Monday, September 03, 2007

Let's Get Mythic!

So, with great ceremony and abundant cream cheese, Rorschach got its first annual Myth-Appropriation project underway this Sunday at the Sanctuary Theatre at Casa del Pueblo. On hand, six playwrights, six directors, three designers, a couple dozen actors, two artistic directors, Rose (who was on hand to do "stuff") and whatever area rodent creatures dwell in the confines of the theatre, hoping we'd forget some of the food and leave it for them to devour.

We were all on hand because Sunday was the Designated Day of Choosing, and Jenny and Randy had laid out a system in which the choosing would get done, very much like J.K. Rowling's "sorting hat" but without any of the concomitant copyright violations. Also: much more complicated. There were books to open, and boxes to reach into, and finally a cup from which to pluck names. And there was a big piece of plywood. Really, we were just sort of showing off our best props and our coolest piece of wood. But the ceremony was extremely rich in pomp. Such pompfulness. An ocean of briny pomp. Remember that pompy thing you did, that time? This was much pompier.

And by the end, we had shows chosen, directors and designers attached and actors divided up to make for the strutting and the fretting. So, without further ado, here's the lineup for next Saturday night.

The Robber Bridegroom
written by Norman Allen
directed by Andy Wassenich
designed by David Ghatan
and featuring Evan Casey, John Michael McDonald, Heather Gaither, and Lauren Krizner

Of all the Grimm stories chosen, this is probably going to be the most recognizable, most likely because of the Alfred Uhry/Robert Waldman musical. This story was also adapted by Eudora Welty, and has been the inspiration of stories from Roald Dahl, Neil Gaiman, and Margaret Atwood. Wes Anderson is said to be working on a film adaptation, as well. But only ours will have been written in 24 hours. Top that, Margaret Atwood!

Godfather Death

written by Gwydion Suilebhan
directed by Dan Pruksarnukul
designed by Robbie Hayes
and featuring Nicola Daval, Jeremy Goren, Jason Linkins, and Betsy Rosen

Godfather Death has been described to me as the darkest of the six stories being adapted, so it makes sense that they'd team Betsy Rosen up with three of the Frankensteins--the angstiest, gothiest family to ever appear on Rorschach's stage. The pairing of Gwydion Suilebhan and Dan Pruksarnukul is electric as well, as no writer-director team brings to the table more difficult-to-spell last names.

Hans the Hedgehog
written by Anne M. Macaw
directed by Cathering Tripp
designed by Debra Sivigny
and featuring Daniel Eichner, Michael Grew, Helen Pafumi, and Simone Zvi

All I can tell you about this fairy tale is that bagpipes could play a big role. Will they play a big role? That I don't know. Could they? It's a possibility. Also: this play offers trenchant commentary on the scientific possibility of the human-animal hybrids. Also: Simone Zvi might be the shortest person in the entire production, but this is a matter under dispute. But: bagpipes!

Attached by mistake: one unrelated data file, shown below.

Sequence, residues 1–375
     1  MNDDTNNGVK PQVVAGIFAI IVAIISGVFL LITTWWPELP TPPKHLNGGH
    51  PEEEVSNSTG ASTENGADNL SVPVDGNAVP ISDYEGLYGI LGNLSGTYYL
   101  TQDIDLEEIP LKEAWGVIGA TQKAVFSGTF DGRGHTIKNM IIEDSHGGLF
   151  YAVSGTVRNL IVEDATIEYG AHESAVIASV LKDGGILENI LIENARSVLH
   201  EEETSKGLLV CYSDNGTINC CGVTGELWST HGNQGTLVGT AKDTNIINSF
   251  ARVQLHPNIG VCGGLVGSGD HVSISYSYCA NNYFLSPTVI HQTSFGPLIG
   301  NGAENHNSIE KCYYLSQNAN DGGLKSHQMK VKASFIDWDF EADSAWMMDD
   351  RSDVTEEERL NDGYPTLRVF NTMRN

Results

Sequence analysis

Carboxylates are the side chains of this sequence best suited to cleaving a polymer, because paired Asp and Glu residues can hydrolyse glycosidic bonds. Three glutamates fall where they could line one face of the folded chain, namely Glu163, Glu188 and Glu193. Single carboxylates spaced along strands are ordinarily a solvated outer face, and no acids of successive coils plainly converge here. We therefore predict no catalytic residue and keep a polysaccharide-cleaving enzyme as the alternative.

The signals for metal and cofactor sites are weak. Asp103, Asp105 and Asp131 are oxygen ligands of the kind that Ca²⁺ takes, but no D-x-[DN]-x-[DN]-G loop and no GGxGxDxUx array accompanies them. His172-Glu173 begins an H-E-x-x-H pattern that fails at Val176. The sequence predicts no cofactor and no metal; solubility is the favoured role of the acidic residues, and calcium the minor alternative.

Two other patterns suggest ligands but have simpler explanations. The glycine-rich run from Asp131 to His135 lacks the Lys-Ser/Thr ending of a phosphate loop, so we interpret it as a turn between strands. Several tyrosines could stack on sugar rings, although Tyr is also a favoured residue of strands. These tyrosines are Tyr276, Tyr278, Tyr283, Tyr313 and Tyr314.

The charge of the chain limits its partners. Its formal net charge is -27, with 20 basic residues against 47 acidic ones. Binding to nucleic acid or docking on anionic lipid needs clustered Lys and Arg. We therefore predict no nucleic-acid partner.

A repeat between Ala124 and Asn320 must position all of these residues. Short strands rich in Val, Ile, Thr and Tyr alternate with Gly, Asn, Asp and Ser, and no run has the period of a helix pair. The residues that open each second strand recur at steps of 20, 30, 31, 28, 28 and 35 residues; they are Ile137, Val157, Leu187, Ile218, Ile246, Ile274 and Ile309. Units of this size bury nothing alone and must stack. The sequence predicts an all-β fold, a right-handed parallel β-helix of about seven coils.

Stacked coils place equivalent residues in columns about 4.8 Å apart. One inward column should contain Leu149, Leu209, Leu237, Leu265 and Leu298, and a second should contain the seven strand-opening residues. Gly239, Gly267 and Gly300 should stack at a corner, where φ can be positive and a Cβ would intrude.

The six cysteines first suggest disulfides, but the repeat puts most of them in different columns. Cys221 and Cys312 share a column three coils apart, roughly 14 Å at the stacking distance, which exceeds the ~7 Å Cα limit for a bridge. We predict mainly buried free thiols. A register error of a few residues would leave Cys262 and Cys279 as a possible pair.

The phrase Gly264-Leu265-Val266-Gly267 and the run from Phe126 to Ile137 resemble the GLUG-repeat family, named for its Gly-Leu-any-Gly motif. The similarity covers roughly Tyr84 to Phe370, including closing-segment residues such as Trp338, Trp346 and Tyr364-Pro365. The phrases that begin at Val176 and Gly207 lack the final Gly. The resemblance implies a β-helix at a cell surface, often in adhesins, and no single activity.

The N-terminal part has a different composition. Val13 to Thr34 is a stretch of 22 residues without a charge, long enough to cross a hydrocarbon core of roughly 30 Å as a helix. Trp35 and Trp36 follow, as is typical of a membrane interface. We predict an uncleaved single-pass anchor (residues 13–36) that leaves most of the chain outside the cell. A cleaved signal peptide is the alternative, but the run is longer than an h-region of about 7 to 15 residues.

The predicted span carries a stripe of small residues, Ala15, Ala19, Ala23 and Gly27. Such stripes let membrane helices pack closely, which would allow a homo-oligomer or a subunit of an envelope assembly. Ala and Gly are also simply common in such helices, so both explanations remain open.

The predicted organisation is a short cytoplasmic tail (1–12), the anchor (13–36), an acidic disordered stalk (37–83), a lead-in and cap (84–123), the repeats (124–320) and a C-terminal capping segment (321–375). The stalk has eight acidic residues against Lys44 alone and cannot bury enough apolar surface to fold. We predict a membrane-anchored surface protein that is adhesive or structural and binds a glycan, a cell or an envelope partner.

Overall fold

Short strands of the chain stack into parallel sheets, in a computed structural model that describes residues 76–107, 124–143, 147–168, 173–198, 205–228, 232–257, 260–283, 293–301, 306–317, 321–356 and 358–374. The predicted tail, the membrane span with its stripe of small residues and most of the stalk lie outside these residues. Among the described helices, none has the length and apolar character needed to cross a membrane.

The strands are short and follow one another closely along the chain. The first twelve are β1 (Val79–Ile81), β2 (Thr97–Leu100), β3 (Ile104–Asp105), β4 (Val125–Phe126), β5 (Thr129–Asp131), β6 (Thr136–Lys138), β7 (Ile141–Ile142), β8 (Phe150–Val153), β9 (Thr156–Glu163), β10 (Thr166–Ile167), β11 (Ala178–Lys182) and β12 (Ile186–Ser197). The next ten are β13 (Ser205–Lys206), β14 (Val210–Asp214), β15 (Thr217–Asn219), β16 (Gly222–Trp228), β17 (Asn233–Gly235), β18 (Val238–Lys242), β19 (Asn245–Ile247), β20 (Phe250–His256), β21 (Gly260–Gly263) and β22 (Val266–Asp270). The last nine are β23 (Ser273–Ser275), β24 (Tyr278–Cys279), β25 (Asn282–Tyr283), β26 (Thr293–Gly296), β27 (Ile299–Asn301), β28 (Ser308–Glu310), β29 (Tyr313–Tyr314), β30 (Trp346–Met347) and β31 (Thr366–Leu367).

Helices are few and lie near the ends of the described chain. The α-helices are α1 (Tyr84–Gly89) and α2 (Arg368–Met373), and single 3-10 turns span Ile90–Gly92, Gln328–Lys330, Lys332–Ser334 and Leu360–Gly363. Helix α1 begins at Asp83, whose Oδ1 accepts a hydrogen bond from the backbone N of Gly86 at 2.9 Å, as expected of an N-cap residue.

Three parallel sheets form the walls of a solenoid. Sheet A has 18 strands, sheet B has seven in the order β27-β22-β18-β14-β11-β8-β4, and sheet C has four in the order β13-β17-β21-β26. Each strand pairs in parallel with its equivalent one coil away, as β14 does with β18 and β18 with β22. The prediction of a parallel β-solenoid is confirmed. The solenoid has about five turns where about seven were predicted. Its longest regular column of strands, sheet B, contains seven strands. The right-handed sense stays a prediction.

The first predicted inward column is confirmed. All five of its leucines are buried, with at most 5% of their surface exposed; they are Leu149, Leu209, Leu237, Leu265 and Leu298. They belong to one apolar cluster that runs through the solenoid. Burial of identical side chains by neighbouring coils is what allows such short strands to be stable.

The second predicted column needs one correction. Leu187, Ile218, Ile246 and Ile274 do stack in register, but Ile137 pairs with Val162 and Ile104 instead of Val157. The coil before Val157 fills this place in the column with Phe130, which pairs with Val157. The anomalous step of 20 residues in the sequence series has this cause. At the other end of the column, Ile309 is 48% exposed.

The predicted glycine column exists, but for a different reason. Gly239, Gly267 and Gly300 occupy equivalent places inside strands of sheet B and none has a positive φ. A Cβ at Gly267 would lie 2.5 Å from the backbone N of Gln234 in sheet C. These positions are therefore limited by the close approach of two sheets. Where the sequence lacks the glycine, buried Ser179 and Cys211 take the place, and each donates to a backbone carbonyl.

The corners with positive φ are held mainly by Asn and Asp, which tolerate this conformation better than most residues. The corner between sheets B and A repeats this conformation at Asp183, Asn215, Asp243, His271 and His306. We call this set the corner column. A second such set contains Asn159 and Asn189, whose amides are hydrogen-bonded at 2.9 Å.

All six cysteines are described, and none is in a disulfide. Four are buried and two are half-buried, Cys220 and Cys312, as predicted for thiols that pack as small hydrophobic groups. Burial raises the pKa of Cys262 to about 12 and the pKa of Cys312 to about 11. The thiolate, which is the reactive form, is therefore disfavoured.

Fairy Tale About A Boy Who Left Home To Learn About Fear
written by Randy Baker
directed by Patrick Torres
designed by Debra Sivigny
and featuring Christopher Dinolfo, Maggie Glauber, Jenny Corbett, and Ghillian Porter

Fairy Tales About A Boy Who Left Home to Learn About Fear (or as the Germans call it, Das Geschichtejungendepartenhauserlernenfurcht) is apparently the longest of the plays, so, naturally, Randy's going to have to write it, because he's the one with all the free time. Also, this is the one play without gender balance, so it would appear that Chris is going to learn about fear from the ladies--just like all boys!

The Devil's Sooty Brother
written by Jacqueline E. Lawton
director by Michael Dove
designed by David Ghatan
and featuring Cesar Guadamuz, Mark Ross, Dana Edwards, and Amanda Thickpenny

Something worth noting: sometimes, when these old fairy tales speak of "the Devil," they may be referring to "Der Teufel," or "Old Scratch," who did not "begin his career as the 'Satan' of Christianity and Judaism." According to my "research"--"The old Devil is a Teutonic woods-spirit, an ogre-like trickster who may desire to eat human flesh, but is often friendly to wood-cutters and footloose soldiers." This story features a soldier, so everyone prepare to "cut footloose!"

The Star Silvers
written by James Hesla
directed by Jessica Burgess
designed by Robbie Hayes
and featuring Sasha Olinick, Jesse Terrill, Adrienne Nelson, and Wendy Wilmer

No one seems to be able to agree on what the title of this story is, so I'm deciding. It's "The Star Silvers." So there. This myth appropriation features the tallest of all possible writer-director-designer teams. Make of that what you will.

So there you have it. Six myths for your viewing pleasure. Now, I know that some of you out there are like: "What about my favorites? What about "The Seven Swabians?" What about "The Bittern and Hoopoe?" Can an audience member get a "Nixie of the Mill-Pond" up in here? Relax, friends, and shut up. We're going to do this every year! And at some point, possibly in the year 2015 (but probably more like 2021), we'll cycle back around to Grimm and get to your favorites. So, stop smoking, wear your seatbelt, and eat plenty of dietary fiber and maybe you'll live to see that day!


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